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TexLaw
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Arizona case laws RE: Precluding Evidence

Resolved Question:

I am looking for Arizona case laws RE: Precluding Plaintiff's Affidavidt, Chain of Title, Assignment (and the criteria for an Assignment) Cannot find any. Already filed the Motions to preclude the above. I know the Rules of Evidence to cite. I do not want a monthly $40 plan  Merely need Case Law AZ Civil Ct / Az Supreme Ct Division 1

Submitted: 2 years ago.
Category: Legal
Expert:  TexLaw replied 2 years ago.

Hi,

I'd be happy to do some legal research for you. I need to know a little bit more detail to be able to find you the right cases.

1. What is the plaintiff's affidavit being used for (what motion or procedure)?

2. When you say chain of title, what is the subject of the title and why do you dispute the chain of title? A car, a house, a peice of evidence?

3. When you say "assignment" what are you referring to exactly? A contractual right that has been assigned? Or a peice of property that has been assigned?

4. Where are you in the case? Are you filing motions for summary judgment or are you about to go to trial?

The more detail you can provide, the better. After you answer, you will have to give a few hours to look for the cases to put the requested information out of them.

Thanks and I look forward to hearing back from you.

-ZDN

Customer: replied 2 years ago.


Thanks! This is a debt collection case (not a valid one:)


 


1. Plainitiff's Affidavit is an unidentified employee swearing the Plaintiff has accuracute business records - and P bought the debt.


 


2. Chain of Title: the alleged assignment - it is actually a generic bill of sale with zero info about me or my acct or anyone's info although it states the exhibits are included. 2nd doc is merely a Notice of Name Change from Pl's company - dated prior to the alleged assignment/purchase & completely irrelevant evidence.


 


3. Assignemnet is for an alleged credit card account that I have never had. No billing statements with any transactions have been produced EXCEPT1 copied 3 times - no transactions- with an account # XXXXX have never had.


 


4. Plaintiff just filed MSJ - I will be opposing it. I just filed motions to preclude five piece of evidence. I think the most important are: Assignment (which is just a bill of Sale) Chain of Title, Affidavidt.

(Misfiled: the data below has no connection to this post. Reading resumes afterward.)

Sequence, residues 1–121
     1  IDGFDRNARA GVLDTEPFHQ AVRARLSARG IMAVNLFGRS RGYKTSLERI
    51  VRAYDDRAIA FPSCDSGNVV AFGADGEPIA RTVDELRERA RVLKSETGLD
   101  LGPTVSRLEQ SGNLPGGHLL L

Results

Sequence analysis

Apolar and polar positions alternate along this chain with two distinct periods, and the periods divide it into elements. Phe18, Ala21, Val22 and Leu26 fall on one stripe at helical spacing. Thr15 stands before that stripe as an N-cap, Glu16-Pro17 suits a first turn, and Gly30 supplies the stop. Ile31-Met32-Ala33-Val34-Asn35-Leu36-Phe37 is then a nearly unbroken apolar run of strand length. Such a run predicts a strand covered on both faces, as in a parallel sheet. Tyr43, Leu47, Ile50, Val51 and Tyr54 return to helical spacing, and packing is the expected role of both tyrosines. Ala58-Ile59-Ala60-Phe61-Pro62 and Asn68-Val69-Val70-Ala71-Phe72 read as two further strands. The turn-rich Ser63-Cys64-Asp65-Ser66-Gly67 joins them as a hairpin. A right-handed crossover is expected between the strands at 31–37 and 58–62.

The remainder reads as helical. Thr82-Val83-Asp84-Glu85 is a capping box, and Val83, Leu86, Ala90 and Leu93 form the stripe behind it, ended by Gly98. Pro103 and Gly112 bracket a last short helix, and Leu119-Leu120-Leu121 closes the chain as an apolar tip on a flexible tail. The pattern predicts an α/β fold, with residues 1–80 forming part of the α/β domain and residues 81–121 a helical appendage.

I would appreciate case law RE: the evidence and please no hurry _ i am not in need of this "stuff" tonight. I want to file the Case Law along with the Rules of Evidence (I have them) on Monday as Attachments to each motion.


 


Thank-YOU!

Customer: replied 2 years ago.

 


P.S. I am the Defendant, Pro Se



Thanks! This is a debt collection case (not a valid one:)


 


1. Plainitiff's Affidavit is an unidentified employee swearing the Plaintiff has accuracute business records - and P bought the debt.


 


2. Chain of Title: the alleged assignment - it is actually a generic bill of sale with zero info about me or my acct or anyone's info although it states the exhibits are included. 2nd doc is merely a Notice of Name Change from Pl's company - dated prior to the alleged assignment/purchase & completely irrelevant evidence.


 


3. Assignemnet is for an alleged credit card account that I have never had. No billing statements with any transactions have been produced EXCEPT1 copied 3 times - no transactions- with an account # XXXXX have never had.


 


4. Plaintiff just filed MSJ - I will be opposing it. I just filed motions to preclude five piece of evidence. I think the most important are: Assignment (which is just a bill of Sale) Chain of Title, Affidavidt.


 


I would appreciate case law RE: the evidence and please no hurry _ i am not in need of this "stuff" tonight. I want to file the Case Law along with the Rules of Evidence (I have them) on Monday as Attachments to each motion.


 


Thank-YOU!

Customer: replied 2 years ago.


OOPPSSS sorry I just hit the mediocre face by Mistake!


 


Here is some more information:


Plaintif's Affidavit - I have already included with proof the Affiant does not know: information that should be in Plaintiff's file - EG: stated was that Plaintiff sent me regular billing statements. My response: I rec'd a letter in Jan 2011 stating I owed the Plaintiff and Chase bank. I owed Chase Bank zero at that time & had never heard of the Plaintiff. I request (3 times with tracking numbers to prove my mailings) proof of assignment & stated they had the wrong person. No response until summons & complaint June, 2012. I also showed with proof: Affiant does not know the difference between a chain of title (defining it) and a company notice of name change. Proven, too in the motion: was the Bill of Sale had no consideation, no names of borrowers, etc. Affiant's title in company is Assent Legacy Manager & does not mention record keeping knowledge/time with Plaintiff/or not at company when the alleged Feb. 2010 assignment happened. You got my point.


 


I need case law in AZ District 9 + AZ Supreme Ct Dist 1 + Federal law to cite when affidavits have been precluded due to the Affidant no telling the truth and merely depending upon hearsay.


 


I intend to use relevance of evidence a great deal. I do have the Rules.


 


Does this info assist?


 


Also, Plaintiff is now claiming it is a claim of open account vs. written agreement. Would I be correct & I need assitance with the LAW that Plaintiff must produce x amount of billing statements showing transactions. They can't - they haven't - never had that account #.


 


Hoping this assists! Thank-you.


 

Expert:  TexLaw replied 2 years ago.